A day after he assumed charge of the finance ministry, prime minister Manmohan Singh urged his officials to revive the ‘animal spirits’ in the country’s economy. The next day I asked my economics students the meaning of ‘animal spirits.’ None of them seemed to know its meaning and I had to go the extra mile to explain its meaning and implications.
The term ‘animal spirits’ popularised by celebrated economist John Maynard Keynes in his book, The General Theory of Employment Interest and Money is related to consumer or business confidence. More importantly, it means a sense of trust, an emotional state that dismisses doubts about others. It is our sense of fairness in economic dealings. When animal spirits are low, consumers do not want to spend and business does not want to make capital investments or hire people. The etymological origin of the term animal spirits is the Latin spiritus animales, meaning the spirit (or fluid) that drives human thought, feeling and action.
To Keynes, business cycles are driven by animal spirits. Business cycles are periodic fluctuations in economic activities of organised communities. As Keynes says, they are caused by volatile expectations about future sales and profits — the animal spirits. There are good times (prosperity) when people have substantial trust and associated feelings that contribute to an environment of confidence. They make decisions spontaneously, which is basically an animal trait. People instinctively believe they will be successful, and suspend their suspicions and apprehensions. As long as large numbers of people remain trusting, there will be business optimism, leading to revival and prosperity.
So, one of the most important ingredients of economic prosperity is confidence, leading to spontaneous decision making.
While the prosperity phase of business cycle is characterised by expansion in all macroeconomic variables, the recessionary phase exhibits a downturn marked by widespread contraction of business in many sectors of the economy. The economic data released on May 31 shows that the Indian economy grew at its slowest in nine years, registering a growth rate of 5.3%.This has led to 6.5% growth for the year ending March 31, 2012, as opposed to the earlier projection of 6.9%.This steep climb down from the 9% achieved in the last three years is characterised by a decline in growth rates in almost all sectors of the economy.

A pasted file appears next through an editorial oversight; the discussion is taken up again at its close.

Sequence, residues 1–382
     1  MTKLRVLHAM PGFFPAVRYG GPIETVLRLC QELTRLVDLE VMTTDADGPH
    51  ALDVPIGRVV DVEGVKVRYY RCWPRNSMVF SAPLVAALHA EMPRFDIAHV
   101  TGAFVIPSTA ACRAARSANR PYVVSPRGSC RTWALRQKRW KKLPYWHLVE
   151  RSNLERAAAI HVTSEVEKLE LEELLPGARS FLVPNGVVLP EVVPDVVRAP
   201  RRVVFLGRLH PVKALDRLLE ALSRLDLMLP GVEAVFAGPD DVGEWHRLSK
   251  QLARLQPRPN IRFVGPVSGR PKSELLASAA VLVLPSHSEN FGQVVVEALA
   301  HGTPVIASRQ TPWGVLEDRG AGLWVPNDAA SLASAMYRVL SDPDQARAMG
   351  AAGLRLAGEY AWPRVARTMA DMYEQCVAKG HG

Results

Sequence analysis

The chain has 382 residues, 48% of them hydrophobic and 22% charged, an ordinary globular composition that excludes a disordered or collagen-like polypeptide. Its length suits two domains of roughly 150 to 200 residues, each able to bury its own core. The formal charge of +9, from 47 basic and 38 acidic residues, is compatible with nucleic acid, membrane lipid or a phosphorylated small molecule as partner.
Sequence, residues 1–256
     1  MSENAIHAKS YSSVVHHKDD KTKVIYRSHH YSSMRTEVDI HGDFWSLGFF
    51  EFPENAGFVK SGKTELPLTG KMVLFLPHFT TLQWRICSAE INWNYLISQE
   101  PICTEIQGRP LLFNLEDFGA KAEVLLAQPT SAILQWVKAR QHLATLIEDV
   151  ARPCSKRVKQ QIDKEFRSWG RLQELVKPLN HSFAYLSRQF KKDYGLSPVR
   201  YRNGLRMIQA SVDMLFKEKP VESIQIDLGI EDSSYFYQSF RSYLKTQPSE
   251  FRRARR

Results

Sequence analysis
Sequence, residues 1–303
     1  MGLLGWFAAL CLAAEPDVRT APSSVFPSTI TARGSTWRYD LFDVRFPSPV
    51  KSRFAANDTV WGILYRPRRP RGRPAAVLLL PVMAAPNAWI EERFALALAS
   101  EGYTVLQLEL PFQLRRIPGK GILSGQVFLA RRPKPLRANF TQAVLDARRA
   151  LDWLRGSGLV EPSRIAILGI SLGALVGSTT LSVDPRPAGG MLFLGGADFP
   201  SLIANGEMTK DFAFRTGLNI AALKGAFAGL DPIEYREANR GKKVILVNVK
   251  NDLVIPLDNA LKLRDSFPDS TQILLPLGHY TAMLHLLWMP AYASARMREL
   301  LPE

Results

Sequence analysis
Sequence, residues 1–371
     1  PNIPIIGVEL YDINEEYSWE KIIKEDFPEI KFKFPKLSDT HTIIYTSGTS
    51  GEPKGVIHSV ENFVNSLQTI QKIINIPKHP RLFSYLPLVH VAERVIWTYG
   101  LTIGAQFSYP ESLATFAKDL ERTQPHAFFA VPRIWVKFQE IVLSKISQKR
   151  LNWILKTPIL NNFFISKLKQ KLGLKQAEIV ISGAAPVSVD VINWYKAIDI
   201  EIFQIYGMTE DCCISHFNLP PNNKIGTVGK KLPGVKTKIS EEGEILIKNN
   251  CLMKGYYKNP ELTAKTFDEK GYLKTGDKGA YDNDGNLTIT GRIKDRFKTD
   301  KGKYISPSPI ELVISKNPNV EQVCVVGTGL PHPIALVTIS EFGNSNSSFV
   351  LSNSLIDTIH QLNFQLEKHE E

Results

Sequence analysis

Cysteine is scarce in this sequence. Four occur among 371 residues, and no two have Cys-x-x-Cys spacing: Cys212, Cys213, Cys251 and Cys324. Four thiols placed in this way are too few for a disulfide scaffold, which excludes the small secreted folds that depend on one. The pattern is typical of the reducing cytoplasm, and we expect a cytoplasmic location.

The growth trend of the economy was characterised by high inflation; high level of fiscal deficit and current account deficits. The combination of low growth and high inflation can weaken the economy further. Slower growth can lead to unemployment, sluggish tax collections, stressed government budgets and flight of capital. The Economist dated June 9 even predicted a farewell to ‘incredible India’ and stated that India is destined for a period of lower growth. Rating agencies describe India to be the weakest among the BRICS nations.
Most analysts are of the opinion that the government’s inaction and policy paralysis are the major reasons for the current predicament. Certainly India is passing through a recession. India’s slow down is due mainly to problems at home. The prime minister’s call to revive ‘animal spirits’ should be understood in this backdrop.
Very often, attempts by politicians and others to talk up confidence by making optimistic noises about economic prospects have rarely done much good. But the economist that he is, Singh’s confidence-building steps is expected to be realistic and pragmatic. He has already urged decision makers to provide stimulus packages and confidence building measures as early as possible. The revival programmes must be strong enough to offset the downward spiral of animal spirits that is underway in the economy.
If the actions we take are not aggressive enough to have a substantial, visible impact on the economy, then our confidence level will continue to remain low. Reform measures must immediately take full effect.
So, for reviving our animal spirits, and thus economic growth rate, we should have massive and targeted programmes that are strong enough to impact public confidence. The economy really needs strong fiscal stimuli. The Reserve Bank of India deserves special praise for the inventive and aggressive policies that were introduced recently.
With the prime minister’s reassurance that the govt will do all that it can to revive animal spirits, there has been a resurgence of interest in this concept. To speed up the process of building up business confidence, immediate steps must be taken. People should be motivated to take positive action.
The writer is professor of economics, Christ University, Bangalore